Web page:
A recent survey conducted by Colorado Succeeds, a nonprofit organization that brings business leaders across the state together, found that 77 percent of employers say it has been difficult to hire …
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A recent survey conducted by Colorado Succeeds, a nonprofit organization that brings business leaders across the state together, found that 77 percent of employers say it has been difficult to hire people with the right skills for open positions — applied, workplace and STEM skills top that list.
Jefferson County Public Schools is trying to resolve that challenge by transforming learning to better prepare students for future careers.
“The main thing is the learning experience,” Superintendent Jason Glass said. “But we’re working to change that experience. We can’t do that alone… We have to build a powerful system of learning experiences both inside and outside the community.”
One step toward making that goal was the Classroom to Careers Summit held Aug. 3 at Lakewood High School, which connected education and industry leaders.
Jeffco schools partnered with the Jefferson County Economic Development Corp., Red Rocks Community College, Arvada Chamber of Commerce, Colorado Building and Construction Trades Council and Jefferson County Business and Workforce Center to bring together Jefferson County industry leaders, workforce centers, chambers of commerce and educators with a goal of expanding work-based learning opportunities throughout the county.
“I think that Jefferson County schools is really incredible,” said Kami Wech, president of the Arvada Chamber of Commerce. “Their team is really leading the charge in a lot of these conversations statewide around what better education and business partnerships can look like. I think it’s an incredible opportunity for the business community to start developing those meaningful relationships with education partners in their backyard.”
The 2017 Colorado Talent Pipeline Report says “work-based learning (WBL) initiatives have the power to enhance a student or job seeker’s knowledge, skills and abilities needed to be successful in the workforce. Such programs have been shown to have high return on investment for employers, participants and society.”
“When we think about the Jeffco Generations vision, our real goal is to change the task for kids,” said Marna Messer, director of choice programming for Jeffco schools. “It’s how we engage kids in a way that’s authentic, relevant…”
Jeffco Generations is the vision document for Jeffco schools, which focuses on the generational skills of content mastery; civic and global engagement; self direction and personal responsibility; communication; critical and creative thinking; collaboration and leading by influence; and agility and adaptability.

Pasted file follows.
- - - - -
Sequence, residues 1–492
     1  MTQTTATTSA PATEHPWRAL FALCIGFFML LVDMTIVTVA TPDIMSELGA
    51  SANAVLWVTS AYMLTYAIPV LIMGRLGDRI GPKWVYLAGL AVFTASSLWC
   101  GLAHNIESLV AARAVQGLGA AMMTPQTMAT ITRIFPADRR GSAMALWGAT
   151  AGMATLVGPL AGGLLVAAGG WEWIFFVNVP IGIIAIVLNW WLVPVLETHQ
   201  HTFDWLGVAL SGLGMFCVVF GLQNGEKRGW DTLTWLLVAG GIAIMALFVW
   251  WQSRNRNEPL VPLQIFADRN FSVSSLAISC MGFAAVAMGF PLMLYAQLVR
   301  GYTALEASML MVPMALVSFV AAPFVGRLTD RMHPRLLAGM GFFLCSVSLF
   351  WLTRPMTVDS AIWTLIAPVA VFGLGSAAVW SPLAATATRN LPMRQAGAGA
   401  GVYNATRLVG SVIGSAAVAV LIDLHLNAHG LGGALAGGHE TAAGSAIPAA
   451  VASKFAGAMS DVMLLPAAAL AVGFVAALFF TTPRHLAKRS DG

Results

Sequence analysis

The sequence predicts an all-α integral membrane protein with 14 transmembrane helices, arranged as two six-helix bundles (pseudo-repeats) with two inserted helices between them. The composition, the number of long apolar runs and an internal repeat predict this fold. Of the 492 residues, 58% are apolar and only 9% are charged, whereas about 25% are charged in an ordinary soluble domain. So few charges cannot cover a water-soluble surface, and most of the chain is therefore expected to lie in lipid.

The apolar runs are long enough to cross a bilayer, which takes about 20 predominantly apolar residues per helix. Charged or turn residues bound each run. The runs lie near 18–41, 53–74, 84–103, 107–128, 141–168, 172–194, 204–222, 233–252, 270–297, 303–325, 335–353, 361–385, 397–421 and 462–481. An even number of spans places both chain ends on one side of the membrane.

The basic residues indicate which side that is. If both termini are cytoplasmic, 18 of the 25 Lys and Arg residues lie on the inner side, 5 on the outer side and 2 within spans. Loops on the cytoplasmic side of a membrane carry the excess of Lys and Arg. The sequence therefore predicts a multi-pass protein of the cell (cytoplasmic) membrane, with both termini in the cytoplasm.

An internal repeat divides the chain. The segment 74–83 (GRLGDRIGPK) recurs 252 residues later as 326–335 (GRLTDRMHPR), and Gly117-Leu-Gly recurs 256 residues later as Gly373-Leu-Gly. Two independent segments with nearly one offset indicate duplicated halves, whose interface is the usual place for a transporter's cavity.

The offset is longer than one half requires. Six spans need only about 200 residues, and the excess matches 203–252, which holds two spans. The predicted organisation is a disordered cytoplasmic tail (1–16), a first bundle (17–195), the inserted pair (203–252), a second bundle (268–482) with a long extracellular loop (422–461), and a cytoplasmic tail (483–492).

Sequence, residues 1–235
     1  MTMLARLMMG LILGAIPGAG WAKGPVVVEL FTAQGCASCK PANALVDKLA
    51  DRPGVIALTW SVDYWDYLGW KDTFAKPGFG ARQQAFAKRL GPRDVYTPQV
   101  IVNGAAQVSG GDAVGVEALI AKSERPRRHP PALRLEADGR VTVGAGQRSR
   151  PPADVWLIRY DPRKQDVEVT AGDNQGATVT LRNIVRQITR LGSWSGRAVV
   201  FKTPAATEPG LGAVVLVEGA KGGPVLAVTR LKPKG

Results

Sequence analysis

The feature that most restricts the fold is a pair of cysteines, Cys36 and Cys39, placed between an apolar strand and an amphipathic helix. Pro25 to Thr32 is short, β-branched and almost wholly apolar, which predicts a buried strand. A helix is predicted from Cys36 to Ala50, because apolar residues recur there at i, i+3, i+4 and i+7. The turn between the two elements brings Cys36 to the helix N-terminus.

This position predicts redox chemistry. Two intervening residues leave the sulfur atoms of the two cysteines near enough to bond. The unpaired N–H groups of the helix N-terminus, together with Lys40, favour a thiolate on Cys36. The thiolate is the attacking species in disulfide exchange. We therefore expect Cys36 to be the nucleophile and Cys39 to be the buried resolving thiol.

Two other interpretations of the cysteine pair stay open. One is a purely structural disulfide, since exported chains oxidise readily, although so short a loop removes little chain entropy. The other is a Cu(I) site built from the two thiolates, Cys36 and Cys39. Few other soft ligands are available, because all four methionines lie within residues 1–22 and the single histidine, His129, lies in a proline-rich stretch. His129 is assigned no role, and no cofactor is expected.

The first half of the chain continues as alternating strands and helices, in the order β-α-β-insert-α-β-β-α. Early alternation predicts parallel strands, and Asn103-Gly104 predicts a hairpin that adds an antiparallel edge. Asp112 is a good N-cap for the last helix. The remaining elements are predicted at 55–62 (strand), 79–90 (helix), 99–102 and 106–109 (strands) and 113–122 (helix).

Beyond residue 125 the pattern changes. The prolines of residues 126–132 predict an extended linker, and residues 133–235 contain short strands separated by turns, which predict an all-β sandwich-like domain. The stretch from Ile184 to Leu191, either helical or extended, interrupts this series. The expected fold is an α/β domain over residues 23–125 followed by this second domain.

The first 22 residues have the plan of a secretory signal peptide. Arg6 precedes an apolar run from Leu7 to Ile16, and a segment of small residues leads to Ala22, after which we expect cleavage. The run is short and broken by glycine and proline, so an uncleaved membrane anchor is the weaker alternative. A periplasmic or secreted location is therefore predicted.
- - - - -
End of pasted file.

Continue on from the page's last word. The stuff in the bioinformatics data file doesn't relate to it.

Matt Flores, chief academic officer for Jeffco schools, proffered the Pythagorean Theorem as an example. The equation a2+b2=c2 is used to determine the lengths of the sides of a triangle. Flores explained that while the practice of this is important, for students it’s more about what they do with the information that changes things — such as determining the distance a baseball catcher must throw from home to second base.
“The information is no longer the most important,” Flores said. “What you do with the information is more important than the information alone….Times have changed and how we teach has changed, too.”
Investing in education is key
Messer’s hope for the summit, which is planned to be an annual event, is the formation of partnerships.
“I’m hoping those partnerships come about and we can increase the opportunity for kids to get out of the classroom, to see that connection, to bring industry in so that we really are building skills together,” Messer said.
When Scott Laband, president of Colorado Succeeds, thinks about the future of education, he thinks about his daughter who is entering first grade.
“If all goes to plan, she is going to graduate high school in the year 2030,” he said. “Experts predict that in that same year more than 80 percent of the jobs that will exist haven’t been invented yet. So, here’s a very salient problem that we’re trying to understand. How do we prepare kids today for jobs that don’t exist yet to work with tools that haven’t been invented yet and to solve problems that haven’t been identified?”
Jeffco schools already has 300 programs that focus on connecting academic and career programming. Last year, 641 Jeffco students earned industry certifications. But in a district with 86,000 students, Jeffco is looking for more connections and experiences for its students.
“It is so important that each and every one of us invest in education,” said Kristi Pollard, president and CEO of the Jefferson County Economic Development Corp. “I think it’s really easy from the business community to feel like we’re operating in our silos…But what is happening in the K-12 world is so intimately connected to what is happening in the business world.”
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